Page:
navitron
 
Renewable Energy and Sustainability Forum
Welcome, Guest. Please login or register.

Login with username, password and session length
News: Anyone wishing to register as a new member on the forum is strongly recommended to use a "proper" email address - following recent spam/hack attempts on the forum, all security is set to "high", and "disposable" email addresses like Gmail, Yahoo and Hotmail tend to be viewed with suspicion, and the application rejected if there is any doubt whatsoever
 
Recent Articles: Navitron Partners With Solax to Help Create A More Sustainable Future | Navitron Calls for Increased Carbon Footprint Reduction In Light of Earth Overshoot Day | A plea from The David School - Issue 18
   Home   Help Search Login Register  
Pages: [1]   Go Down
  Print  
Author Topic: 1kw turbine noise reduction  (Read 4875 times)
Adam
Sr. Member
****
Offline Offline

Posts: 252


« on: July 21, 2006, 08:57:54 PM »

When i installed my 1kw turbine i found it quite noisey but i got quite used to it. However as the turbine wasn't balanced well i decided to lower the turbine and rebalance it.
As i was rebalancing the turbine i thought it would be a good idea sand down the "cut edge" and the tip, the cut edge is part of the blade that is cut at an angle wich runs for about 8-10 inches towards the tip, it appeared to be just cut and unfinished so i sanded it down to a point like the rest of the blade in an attempt to make it more streamline and efficent.
Once i finished balancing i then rearected the turbine i found that it was at least 80/90% quieter.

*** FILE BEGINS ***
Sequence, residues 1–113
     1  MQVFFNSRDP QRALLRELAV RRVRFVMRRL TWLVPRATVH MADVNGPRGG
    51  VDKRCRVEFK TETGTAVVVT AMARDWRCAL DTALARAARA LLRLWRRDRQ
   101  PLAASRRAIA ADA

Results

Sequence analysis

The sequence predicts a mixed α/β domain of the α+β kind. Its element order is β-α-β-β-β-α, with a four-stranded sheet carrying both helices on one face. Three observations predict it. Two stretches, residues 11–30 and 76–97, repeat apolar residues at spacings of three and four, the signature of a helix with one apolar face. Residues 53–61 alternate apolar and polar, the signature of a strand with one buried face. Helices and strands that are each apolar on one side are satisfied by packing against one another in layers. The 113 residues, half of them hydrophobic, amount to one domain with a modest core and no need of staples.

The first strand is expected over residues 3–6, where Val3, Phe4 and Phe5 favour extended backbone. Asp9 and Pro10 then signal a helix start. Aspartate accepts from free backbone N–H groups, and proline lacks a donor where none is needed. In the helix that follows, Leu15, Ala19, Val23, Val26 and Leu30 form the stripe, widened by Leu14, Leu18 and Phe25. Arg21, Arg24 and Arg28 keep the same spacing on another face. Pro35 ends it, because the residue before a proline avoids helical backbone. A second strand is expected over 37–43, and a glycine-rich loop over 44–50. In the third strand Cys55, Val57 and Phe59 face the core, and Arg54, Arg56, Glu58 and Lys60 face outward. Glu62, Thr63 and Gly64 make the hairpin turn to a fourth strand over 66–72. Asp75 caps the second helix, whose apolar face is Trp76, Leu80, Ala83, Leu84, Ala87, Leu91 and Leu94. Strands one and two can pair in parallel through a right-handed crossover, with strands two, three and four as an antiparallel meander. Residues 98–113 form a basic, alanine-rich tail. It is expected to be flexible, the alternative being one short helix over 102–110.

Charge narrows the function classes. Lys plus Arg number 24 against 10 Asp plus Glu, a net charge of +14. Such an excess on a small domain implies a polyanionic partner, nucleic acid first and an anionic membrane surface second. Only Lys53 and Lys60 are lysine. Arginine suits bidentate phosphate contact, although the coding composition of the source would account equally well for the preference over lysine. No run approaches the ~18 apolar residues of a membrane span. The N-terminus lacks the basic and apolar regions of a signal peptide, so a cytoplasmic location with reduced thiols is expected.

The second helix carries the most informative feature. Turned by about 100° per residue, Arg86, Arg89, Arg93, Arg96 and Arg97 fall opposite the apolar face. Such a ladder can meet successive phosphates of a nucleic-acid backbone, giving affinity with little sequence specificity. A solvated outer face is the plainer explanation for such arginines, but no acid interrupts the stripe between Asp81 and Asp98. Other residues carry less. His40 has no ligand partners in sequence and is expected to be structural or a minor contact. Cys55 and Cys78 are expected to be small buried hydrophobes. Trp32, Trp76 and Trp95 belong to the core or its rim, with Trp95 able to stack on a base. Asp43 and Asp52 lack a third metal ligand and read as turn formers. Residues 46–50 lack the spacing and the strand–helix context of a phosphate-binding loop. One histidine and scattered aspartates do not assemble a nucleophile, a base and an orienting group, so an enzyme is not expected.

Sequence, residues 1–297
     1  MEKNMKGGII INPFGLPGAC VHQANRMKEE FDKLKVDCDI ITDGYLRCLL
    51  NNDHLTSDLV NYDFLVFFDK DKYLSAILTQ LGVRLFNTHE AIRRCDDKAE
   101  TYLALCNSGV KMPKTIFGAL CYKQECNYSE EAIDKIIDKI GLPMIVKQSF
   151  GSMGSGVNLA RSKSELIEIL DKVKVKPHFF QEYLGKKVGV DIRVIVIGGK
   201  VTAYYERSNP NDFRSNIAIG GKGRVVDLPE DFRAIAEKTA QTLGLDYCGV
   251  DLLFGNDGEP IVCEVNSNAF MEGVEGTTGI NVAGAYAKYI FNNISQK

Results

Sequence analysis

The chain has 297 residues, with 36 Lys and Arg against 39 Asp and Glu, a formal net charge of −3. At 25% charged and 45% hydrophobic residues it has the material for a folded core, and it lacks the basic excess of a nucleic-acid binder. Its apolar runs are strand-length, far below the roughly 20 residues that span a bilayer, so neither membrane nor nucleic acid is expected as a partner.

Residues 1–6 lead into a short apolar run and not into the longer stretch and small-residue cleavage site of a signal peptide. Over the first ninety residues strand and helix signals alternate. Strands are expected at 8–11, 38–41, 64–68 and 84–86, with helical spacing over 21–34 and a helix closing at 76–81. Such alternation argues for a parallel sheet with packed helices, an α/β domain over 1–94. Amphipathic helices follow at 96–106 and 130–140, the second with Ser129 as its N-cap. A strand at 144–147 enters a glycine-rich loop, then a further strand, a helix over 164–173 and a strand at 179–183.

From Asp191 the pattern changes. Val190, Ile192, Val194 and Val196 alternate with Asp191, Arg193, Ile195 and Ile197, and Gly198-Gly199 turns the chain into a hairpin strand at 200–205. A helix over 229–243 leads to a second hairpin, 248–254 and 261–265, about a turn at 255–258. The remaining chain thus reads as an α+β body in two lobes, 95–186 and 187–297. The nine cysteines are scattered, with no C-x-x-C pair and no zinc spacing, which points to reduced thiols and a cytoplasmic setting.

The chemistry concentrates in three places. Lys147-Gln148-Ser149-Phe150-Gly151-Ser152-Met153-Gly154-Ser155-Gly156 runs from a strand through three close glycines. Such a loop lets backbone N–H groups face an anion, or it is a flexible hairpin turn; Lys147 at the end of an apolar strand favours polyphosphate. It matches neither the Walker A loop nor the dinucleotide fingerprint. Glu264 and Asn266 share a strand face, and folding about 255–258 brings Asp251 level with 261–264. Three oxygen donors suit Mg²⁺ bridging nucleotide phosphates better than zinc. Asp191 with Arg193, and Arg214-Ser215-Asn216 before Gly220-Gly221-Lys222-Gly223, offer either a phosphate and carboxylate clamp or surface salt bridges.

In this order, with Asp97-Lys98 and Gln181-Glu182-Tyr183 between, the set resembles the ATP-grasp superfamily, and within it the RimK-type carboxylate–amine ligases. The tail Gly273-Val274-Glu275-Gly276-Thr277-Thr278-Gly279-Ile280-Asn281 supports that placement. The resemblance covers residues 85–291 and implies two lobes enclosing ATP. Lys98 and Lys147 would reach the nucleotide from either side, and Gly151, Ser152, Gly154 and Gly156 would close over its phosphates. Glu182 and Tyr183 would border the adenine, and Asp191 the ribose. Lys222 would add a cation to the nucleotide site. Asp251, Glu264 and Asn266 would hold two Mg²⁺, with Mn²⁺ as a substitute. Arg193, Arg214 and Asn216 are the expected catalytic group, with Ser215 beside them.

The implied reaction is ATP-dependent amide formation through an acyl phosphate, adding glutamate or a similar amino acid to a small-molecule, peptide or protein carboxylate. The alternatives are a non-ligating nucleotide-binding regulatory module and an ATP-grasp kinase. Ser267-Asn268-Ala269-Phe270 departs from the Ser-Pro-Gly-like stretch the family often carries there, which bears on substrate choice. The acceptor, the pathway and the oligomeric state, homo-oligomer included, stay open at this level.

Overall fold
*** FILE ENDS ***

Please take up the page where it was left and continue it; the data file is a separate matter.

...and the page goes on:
I hope this helps (if you can understand any of the above) Thanks Adam
Logged
Alternative
Newbie
*
Offline Offline

Posts: 19



WWW
« Reply #1 on: July 28, 2006, 10:52:14 AM »

Your comments are very interesting to me. I have just bought a Navitron 200 watt turbine and want to minimise the noise from it. I wonder if your modifications might be applied to my turbine blades which are parallel sided and have no angle cut like yours appear to have? Maybe someone else has experience of this?
Logged

Alternative Technology and Renewable Energy at Home

http://www.alternativetechnology.info
Ivan
Guest
« Reply #2 on: July 30, 2006, 01:44:11 AM »

Hi Adam,

Useful info - can you attach a picture to show what the modifications look like?

We are currently working on some replacement blades (which will be more expensive) that have twist and taper - which will be classed as 'low noise' blades. The blades are available now in 200W, 500W and 1kW format. However, we still have not produced the hubs, which will not be available until around September time.

ivan
Logged
Adam
Sr. Member
****
Offline Offline

Posts: 252


« Reply #3 on: August 03, 2006, 09:12:01 PM »

If you can see int the picture, the blade on the right with the arrows marked on has been sanded down to a point by myself between the arrows.
The blade on the left is new and untouched and you may be able to see the blunt edge were it appeares to be cut off and not sanded down.
I have had to replace two of the blades as one of the guy ropes had a brief encounter with a tractor and baler, unfortunatley the turbine ended up ontop of the tractor and i have not yet sanded or balanced the blades yet.

adam


* DSC04082.JPG (30.44 KB, 463x411 - viewed 622 times.)
« Last Edit: August 03, 2006, 09:27:00 PM by Adam » Logged
Phil
Guest
« Reply #4 on: August 04, 2006, 09:27:27 AM »

   I have a navitron 300 watt turbine  I   taped all three blades firmly together then carefully using and angle grinder just very slightly sanded off the 2 corners at the very end of the blades (making it almost a semicircle at the end of each blade).

 it had a marked improvement on the noise level,  although  very slightly reduced the effectivness of the turbine in low winds, but as I am on a mountain in south Wales that wasnt a problem !